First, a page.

My interest in making a good martini was sparked in what may be the most unlikely of places. It was not in some swanky cocktail bar in Melbourne or London. It was in the tropical heat of far north Queensland, Australia.
I was at the Nautilus bar in Port Douglas on a scorching December evening. The menu listed a selection of cocktails and martinis. A martini made with The Botanist gin caught my interest, primarily because this gin is made by the Scottish single malt producer Bruichladdich on the isle of Islay (with a still nicknamed “ugly Betty”, so I’m told). As soon as that expertly made icy cold martini hit my lips, I forgot about the tropical heat as my attention turned to the fascinating world of the martini.
The martini tends to have a base of either gin or vodka (usually two shots, or 60ml). The gin or vodka is then mixed with dry vermouth (usually one shot, or 30ml). The less vermouth which you add, the drier the martini. If you prefer a sweet martini, use sweet vermouth.
The mixture of gin (or vodka) and vermouth can be added to a container with ice, shaken or stirred, then strained into a martini glass. Once in that glass, the mixture is usually garnished with either an olive or lemon twist. Some people add a dash of bitters. That is a martini. Sounds simple, right?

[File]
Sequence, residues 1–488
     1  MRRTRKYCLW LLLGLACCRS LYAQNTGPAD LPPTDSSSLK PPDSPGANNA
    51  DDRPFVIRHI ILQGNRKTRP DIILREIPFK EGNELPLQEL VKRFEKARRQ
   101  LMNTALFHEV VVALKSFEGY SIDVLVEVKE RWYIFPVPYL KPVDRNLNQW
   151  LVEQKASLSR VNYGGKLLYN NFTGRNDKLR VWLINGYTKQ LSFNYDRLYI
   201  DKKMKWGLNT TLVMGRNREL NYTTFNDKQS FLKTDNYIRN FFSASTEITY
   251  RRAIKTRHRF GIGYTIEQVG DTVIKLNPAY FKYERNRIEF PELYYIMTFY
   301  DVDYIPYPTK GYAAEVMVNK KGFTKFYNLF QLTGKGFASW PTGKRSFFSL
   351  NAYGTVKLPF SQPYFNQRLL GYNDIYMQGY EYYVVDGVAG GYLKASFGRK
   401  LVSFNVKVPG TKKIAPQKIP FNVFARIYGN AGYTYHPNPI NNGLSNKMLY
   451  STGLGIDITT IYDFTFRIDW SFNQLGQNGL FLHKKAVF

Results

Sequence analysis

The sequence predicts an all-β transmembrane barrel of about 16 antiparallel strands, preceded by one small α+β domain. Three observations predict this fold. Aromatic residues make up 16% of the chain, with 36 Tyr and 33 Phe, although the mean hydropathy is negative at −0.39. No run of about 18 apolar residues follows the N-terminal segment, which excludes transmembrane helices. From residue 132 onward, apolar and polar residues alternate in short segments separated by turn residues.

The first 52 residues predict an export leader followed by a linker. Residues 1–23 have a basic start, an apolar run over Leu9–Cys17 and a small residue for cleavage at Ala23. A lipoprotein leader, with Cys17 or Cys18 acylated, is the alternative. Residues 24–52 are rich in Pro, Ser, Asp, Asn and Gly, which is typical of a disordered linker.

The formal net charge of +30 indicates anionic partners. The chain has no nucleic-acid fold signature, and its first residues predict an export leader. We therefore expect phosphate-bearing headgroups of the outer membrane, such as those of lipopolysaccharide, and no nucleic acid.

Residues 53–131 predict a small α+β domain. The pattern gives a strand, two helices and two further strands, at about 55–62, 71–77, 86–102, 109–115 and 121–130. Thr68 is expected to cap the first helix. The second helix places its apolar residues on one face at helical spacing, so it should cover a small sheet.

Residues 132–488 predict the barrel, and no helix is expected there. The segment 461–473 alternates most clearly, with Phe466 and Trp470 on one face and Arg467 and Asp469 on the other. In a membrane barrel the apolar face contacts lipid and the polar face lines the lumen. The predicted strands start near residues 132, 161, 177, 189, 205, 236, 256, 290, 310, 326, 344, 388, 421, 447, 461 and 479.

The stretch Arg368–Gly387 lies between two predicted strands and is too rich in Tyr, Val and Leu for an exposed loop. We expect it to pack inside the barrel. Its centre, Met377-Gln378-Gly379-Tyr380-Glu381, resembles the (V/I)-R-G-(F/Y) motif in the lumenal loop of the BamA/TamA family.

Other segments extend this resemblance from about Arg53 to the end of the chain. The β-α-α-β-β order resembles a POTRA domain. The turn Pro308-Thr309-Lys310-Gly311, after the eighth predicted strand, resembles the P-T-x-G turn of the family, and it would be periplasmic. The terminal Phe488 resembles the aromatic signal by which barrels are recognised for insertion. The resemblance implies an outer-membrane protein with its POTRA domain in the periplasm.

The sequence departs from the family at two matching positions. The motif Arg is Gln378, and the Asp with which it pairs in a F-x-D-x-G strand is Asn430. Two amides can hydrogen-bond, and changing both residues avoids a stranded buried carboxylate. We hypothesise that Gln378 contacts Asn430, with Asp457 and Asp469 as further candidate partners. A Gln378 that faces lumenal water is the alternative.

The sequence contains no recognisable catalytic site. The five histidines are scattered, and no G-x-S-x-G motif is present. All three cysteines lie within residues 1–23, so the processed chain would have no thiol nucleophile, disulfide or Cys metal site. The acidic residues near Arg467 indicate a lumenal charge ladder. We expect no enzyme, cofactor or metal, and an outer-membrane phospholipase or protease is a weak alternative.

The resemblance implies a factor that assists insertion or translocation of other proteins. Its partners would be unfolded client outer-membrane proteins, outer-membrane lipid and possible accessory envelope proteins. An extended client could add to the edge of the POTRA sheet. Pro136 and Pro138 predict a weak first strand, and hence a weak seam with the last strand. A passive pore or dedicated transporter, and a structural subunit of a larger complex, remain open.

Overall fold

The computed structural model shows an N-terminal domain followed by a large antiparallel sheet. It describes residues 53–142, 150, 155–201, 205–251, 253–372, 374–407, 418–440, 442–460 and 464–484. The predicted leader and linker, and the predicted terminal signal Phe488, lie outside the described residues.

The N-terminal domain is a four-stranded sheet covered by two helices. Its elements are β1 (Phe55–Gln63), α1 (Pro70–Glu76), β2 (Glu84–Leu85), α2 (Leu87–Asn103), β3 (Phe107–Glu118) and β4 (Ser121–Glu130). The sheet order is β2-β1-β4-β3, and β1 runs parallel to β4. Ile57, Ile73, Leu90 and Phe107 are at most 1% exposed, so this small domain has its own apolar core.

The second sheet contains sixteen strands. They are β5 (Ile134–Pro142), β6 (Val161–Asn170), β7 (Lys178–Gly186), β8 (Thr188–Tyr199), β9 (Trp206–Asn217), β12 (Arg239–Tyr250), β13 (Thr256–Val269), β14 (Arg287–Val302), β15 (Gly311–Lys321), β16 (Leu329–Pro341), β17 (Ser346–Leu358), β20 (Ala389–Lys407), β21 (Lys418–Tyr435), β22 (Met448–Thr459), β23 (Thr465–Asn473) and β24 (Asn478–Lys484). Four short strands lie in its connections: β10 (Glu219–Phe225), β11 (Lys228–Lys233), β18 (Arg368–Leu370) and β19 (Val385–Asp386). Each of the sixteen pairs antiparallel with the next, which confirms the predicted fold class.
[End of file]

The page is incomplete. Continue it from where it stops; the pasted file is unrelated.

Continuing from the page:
Right! The martini is a really simple cocktail.
But, making a tasty martini isn’t just about mixing up a concoction of gin (or vodka) and vermouth and then throwing a toothpick skewered olive or lemon twist into the mix.
Gin versus vodka
Okay, so what is the difference between vodka and gin?
Let me briefly cover the main difference.
Vodka tends to be distilled at high proof and it may also be filtered through charcoal (and in some cases other materials) to strip it of aromas and flavours. The result of this process is that vodka tends to be a “neutral” spirit that is rich in ethanol. Some vodkas are very pure while others retain some flavour from the products which they are made from.
Gin is a spirit (usually neutral) which is flavoured with botanicals (berries, herbs, seeds, flowers, etc) – a simple way to look at gin is that it is basically botanical flavoured vodka. Gin distilleries can use many hundreds of botanicals to flavour spirit, but some of the more common are juniper berries, coriander seeds, angelica, orange peel and lemon peel.
With that main difference between gin and vodka in mind, let’s refocus on making martinis.
Keep it simple